Singlish is influenced by a combination of the official languages; English, Malay, Mandarin and Tamil and has evolved over time to even include American and Australian influences as a result of media broadcasted from those regions.
The first experience most visitors will have is the use of adding ‘can’ or lah’ to the end of sentences. ‘Lah’, serves a similar role as ‘eh’ in Canada. ‘Can’ is most often used as a question tag, as well as in response to that question. For example, one person will say ‘Get some milk on your way, Can?’ and the other speaker will reply ‘Can’ in the affirmative, or alternatively ‘Cannot’.
The differences between Singlish and English extend beyond its vocabulary and grammar. The construction of sentences reflects the Chinese influence. An example of this is sentences based on topic-prominence so as opposed to saying ‘The weather is hot in this country’, a Singlish speaker will say, ‘Dis country weather very hot, lah.’
Another marked difference between Standard English and Singlish is reflected in how the past-tense is addressed. In Singlish, the verb is only conjugated if it is an irregular verb, ‘I went to Orchard yesterday’ but in other cases, you are likely to hear, ‘He talk so long, never stop, I ask him also never.’ Instead it is common to hear Singlish speakers use the word ‘already’ to indicate that something is in the past such as, ‘Yesterday, they go there already’ or ‘I call her already’, meaning ‘Yesterday, they went there’ and ‘I called her’.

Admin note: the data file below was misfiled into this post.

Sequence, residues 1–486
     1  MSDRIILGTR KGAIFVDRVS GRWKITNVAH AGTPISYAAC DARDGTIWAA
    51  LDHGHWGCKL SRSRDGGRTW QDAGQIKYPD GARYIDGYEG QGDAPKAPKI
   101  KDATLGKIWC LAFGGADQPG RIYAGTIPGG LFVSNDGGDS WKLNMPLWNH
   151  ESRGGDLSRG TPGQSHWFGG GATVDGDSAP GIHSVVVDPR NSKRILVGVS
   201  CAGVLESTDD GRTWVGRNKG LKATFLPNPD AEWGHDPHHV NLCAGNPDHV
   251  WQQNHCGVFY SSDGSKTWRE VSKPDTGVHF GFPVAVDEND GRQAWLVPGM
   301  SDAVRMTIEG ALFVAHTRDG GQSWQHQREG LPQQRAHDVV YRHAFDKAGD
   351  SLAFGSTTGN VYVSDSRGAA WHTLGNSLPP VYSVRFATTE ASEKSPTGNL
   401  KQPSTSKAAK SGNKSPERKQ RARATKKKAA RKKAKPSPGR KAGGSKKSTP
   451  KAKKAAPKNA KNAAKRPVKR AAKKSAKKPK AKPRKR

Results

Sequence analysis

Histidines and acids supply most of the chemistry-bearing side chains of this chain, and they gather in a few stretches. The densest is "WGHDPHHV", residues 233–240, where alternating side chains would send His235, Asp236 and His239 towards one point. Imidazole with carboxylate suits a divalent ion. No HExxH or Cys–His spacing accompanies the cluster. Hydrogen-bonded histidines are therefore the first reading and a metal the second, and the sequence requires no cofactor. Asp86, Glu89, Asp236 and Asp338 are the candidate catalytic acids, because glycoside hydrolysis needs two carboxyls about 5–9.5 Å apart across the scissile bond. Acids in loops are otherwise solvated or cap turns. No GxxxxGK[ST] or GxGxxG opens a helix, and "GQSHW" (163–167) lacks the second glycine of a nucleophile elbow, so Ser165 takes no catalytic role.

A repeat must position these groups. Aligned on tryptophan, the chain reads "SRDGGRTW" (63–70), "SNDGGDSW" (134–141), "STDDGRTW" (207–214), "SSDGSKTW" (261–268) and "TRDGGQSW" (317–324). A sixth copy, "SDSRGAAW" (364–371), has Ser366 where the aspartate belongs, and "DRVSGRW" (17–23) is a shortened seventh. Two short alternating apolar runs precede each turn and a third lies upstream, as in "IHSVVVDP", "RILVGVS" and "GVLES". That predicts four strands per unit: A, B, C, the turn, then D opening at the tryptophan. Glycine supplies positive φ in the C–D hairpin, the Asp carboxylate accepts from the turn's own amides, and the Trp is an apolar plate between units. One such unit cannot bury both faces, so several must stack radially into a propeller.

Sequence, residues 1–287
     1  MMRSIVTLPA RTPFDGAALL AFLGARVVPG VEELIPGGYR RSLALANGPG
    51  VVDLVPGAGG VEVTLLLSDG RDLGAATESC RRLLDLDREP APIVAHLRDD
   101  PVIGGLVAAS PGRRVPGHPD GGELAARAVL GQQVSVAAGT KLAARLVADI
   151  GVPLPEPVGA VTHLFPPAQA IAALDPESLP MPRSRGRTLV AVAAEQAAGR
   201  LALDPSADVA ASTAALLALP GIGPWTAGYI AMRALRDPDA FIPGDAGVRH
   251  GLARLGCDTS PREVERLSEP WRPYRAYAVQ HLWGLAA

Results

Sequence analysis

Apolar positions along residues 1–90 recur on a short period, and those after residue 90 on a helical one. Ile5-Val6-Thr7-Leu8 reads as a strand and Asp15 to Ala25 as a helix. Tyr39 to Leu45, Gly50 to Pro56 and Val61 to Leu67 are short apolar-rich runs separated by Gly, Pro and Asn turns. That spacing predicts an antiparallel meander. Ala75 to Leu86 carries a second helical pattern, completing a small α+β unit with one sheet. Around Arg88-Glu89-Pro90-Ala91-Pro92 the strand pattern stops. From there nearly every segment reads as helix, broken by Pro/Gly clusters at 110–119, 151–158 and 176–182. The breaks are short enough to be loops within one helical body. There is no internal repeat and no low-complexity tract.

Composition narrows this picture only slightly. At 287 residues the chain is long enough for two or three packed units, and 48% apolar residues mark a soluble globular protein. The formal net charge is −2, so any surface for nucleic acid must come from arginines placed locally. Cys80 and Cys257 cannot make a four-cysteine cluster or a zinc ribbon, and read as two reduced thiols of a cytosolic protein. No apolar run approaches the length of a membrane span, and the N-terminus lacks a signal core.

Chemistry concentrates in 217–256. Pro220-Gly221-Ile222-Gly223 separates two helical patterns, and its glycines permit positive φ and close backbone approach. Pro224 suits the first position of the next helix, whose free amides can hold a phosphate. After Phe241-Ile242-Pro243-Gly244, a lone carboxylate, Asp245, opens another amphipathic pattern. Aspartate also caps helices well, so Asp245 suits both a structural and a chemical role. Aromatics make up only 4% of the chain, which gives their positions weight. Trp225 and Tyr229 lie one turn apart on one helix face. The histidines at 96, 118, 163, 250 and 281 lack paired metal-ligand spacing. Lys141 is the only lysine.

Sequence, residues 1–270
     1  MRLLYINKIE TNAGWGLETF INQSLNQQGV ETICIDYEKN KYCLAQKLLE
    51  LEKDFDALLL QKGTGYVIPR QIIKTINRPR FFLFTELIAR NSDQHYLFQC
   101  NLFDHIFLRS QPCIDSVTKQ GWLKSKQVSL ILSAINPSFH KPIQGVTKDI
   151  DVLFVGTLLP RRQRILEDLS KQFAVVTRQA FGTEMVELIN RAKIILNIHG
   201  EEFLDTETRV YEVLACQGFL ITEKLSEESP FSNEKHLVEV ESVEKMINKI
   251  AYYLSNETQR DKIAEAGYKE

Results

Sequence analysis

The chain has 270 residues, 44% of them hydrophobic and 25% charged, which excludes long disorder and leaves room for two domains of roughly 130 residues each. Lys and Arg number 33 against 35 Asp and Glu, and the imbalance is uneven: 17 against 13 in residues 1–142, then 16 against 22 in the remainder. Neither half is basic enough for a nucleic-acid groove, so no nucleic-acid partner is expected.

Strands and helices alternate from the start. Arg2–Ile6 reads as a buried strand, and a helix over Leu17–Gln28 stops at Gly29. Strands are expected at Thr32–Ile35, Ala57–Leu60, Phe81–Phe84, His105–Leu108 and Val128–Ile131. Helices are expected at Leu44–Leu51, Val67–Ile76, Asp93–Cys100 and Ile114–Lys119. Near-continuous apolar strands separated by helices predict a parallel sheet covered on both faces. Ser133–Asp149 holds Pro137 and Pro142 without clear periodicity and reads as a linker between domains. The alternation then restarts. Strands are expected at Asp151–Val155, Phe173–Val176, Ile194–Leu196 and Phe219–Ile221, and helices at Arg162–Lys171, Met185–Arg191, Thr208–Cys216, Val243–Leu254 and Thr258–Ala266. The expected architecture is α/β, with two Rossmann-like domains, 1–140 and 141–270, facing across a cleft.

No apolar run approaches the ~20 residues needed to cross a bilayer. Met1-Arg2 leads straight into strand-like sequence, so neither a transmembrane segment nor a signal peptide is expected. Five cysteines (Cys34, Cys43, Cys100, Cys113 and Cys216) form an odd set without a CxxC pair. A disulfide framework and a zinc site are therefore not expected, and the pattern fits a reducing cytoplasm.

Singlish, although affectionately embraced by the majority of the local population as well as local media, now even has several terms included in the Oxford dictionary. It has not always been seen in a favorable light however, and is often viewed as a sign of a lack of education.
The government went as far as introducing an initiative entitled the Speak Good English Movement, which ran for more than a decade. It was designed to teach people the importance of speaking Standard English – not just to be better understood but because they felt that by speaking in the dialect, Singaporeans were seen as less intelligent.
Ultimately, Singaporeans have fought back over the years, insisting that it is a part of Singaporean identity. With the recent inclusion in the Oxford dictionary, as well as a popular piece written by Gwee Li Sui (a Singaporean poet, graphic novelist and literary critic for the New York Times), the government has come to embrace this unique language.